When the baby boom generation reaches old age, their numbers will overwhelm existing care systems.
Fortunately there is still time to get ready: the oldest boomers won’t reach 85 for another 20 years. At UB’s School of Public Health and Health Professions, the Aging and Technology Research Center is working on a better future for frail older people.
As its name says, the center is looking for technological solutions to problems associated with aging. In one line of work, the center developed an Internet health-delivery system that produced dramatically positive results for elderly people suffering from congestive heart failure. The system is simple: it combines health information on congestive heart failure written specifically for the target population; simple exercise videos for older people with congestive heart failure—starring an older person with congestive heart failure; and a website where users post their daily health data so a nurse can check up on any reading outside normal values.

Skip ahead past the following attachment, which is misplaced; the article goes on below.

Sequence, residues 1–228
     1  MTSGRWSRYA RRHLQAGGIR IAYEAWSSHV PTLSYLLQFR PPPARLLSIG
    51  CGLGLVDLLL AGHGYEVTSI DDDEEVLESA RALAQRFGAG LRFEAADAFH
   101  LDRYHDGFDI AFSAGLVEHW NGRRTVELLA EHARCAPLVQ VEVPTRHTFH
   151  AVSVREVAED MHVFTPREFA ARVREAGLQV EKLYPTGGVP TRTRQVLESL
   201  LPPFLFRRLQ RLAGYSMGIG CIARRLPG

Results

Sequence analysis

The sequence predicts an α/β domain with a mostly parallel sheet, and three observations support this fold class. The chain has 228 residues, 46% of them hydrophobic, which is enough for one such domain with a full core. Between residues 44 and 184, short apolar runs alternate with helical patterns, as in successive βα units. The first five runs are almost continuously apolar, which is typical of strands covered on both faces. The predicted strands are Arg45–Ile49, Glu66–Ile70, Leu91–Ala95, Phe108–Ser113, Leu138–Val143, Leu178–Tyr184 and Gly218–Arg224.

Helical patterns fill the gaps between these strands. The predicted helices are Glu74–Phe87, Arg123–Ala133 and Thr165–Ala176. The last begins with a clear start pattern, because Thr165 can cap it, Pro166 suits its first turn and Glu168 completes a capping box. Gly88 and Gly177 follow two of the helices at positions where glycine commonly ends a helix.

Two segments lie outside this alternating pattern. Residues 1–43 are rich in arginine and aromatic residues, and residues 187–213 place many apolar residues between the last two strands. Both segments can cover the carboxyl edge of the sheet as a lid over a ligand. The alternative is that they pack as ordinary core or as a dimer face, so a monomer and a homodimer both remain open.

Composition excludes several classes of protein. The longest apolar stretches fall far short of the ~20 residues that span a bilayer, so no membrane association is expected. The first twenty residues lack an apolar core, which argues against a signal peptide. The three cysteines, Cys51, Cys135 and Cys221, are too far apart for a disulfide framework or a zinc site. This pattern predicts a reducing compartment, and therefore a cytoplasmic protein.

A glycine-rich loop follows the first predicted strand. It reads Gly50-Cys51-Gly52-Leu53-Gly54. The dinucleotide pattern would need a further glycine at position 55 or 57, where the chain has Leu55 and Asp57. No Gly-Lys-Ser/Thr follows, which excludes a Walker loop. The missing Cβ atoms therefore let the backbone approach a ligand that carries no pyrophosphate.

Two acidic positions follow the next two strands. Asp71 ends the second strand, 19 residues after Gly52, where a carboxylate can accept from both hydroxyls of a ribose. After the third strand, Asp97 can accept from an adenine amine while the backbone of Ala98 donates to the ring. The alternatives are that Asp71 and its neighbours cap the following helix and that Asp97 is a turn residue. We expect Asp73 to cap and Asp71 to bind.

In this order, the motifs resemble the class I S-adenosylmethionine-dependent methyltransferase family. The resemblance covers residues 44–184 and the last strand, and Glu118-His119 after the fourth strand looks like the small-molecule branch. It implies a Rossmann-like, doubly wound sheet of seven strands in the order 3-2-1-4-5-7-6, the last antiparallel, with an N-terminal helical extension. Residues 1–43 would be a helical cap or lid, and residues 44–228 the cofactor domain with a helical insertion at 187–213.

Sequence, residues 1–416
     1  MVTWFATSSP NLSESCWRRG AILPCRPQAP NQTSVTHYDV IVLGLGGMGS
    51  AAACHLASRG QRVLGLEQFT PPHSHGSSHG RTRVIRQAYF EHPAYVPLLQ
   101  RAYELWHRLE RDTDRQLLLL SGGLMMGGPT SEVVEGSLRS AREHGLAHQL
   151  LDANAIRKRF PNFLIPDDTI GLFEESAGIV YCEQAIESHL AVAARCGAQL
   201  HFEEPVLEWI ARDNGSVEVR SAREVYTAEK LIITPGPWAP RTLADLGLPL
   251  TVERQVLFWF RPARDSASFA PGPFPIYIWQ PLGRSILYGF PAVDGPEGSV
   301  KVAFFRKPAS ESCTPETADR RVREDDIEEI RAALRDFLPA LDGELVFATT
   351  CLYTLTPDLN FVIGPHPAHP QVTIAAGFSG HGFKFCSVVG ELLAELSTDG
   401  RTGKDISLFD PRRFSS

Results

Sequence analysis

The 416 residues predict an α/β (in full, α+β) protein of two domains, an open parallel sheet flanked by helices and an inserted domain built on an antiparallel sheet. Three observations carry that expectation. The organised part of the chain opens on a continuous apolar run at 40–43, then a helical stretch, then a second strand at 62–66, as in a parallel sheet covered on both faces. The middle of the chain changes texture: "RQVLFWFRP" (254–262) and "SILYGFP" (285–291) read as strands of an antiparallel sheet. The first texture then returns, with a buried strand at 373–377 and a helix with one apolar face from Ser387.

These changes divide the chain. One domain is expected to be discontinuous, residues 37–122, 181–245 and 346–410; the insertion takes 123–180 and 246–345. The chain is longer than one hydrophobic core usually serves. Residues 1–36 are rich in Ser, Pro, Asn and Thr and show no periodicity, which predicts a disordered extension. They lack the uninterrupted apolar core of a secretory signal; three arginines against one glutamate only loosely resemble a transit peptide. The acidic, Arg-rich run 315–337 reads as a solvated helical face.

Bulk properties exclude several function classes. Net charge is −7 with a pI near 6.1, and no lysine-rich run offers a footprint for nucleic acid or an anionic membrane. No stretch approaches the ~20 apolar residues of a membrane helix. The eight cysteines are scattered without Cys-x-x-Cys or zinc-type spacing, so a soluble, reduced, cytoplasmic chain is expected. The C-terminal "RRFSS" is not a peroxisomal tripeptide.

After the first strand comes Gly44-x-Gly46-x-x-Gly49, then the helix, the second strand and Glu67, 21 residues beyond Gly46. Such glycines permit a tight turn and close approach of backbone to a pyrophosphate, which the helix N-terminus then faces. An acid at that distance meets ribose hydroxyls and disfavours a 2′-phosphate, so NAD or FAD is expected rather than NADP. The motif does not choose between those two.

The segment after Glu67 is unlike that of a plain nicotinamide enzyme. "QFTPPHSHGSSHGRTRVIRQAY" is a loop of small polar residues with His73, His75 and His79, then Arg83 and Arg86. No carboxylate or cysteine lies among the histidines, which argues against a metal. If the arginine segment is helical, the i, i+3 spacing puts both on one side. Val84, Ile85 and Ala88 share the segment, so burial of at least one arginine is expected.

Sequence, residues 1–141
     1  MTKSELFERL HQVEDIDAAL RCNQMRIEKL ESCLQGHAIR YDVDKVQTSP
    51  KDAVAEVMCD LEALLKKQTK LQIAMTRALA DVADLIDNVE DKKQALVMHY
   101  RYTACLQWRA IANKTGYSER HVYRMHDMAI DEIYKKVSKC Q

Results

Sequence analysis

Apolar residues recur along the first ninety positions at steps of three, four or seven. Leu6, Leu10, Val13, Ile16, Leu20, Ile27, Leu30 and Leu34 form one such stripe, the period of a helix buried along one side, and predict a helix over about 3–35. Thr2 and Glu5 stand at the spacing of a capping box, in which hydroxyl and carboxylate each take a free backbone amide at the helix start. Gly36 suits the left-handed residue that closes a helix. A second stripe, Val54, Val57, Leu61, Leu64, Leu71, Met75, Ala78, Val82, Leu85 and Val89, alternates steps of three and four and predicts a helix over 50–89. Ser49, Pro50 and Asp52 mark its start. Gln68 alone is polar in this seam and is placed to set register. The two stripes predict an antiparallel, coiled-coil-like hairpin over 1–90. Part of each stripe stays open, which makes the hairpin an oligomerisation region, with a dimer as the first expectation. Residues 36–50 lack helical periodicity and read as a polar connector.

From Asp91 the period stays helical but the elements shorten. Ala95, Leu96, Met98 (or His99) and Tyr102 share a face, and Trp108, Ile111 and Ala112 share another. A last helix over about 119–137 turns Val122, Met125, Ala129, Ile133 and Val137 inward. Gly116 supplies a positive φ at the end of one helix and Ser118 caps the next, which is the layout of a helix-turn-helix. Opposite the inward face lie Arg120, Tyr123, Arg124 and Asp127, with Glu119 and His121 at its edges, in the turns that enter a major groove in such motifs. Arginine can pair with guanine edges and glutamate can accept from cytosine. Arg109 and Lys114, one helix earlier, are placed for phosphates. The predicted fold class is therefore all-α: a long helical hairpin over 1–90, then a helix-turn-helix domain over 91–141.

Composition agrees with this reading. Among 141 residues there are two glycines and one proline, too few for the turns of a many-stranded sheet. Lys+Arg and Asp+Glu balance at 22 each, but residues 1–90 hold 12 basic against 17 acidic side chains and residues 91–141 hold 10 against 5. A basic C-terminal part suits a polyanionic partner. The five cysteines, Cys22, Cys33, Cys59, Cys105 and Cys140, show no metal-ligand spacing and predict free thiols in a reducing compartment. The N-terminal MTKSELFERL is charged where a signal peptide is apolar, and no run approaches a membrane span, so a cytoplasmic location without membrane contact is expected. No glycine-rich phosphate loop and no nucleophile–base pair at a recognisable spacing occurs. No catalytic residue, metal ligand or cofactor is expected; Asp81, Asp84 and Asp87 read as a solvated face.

In a recent yearlong trial, this Internet intervention decreased emergency room visits, hospital admissions and mortality. It saved money and lives.
The center is experimenting with monitoring technologies for what are called “smart houses.” This technology can watch frail older persons—to make sure they’re okay at any moment, to check that they’re eating, for instance, or taking medications. When they are perfected, such technologies will make it possible for these people to stay in their homes safely longer than they can now.
The Aging and Technology Research Center is building a better future for aging, something we’ll all benefit from, sooner or later. Private support for the center—in gifts of any size—promotes that work.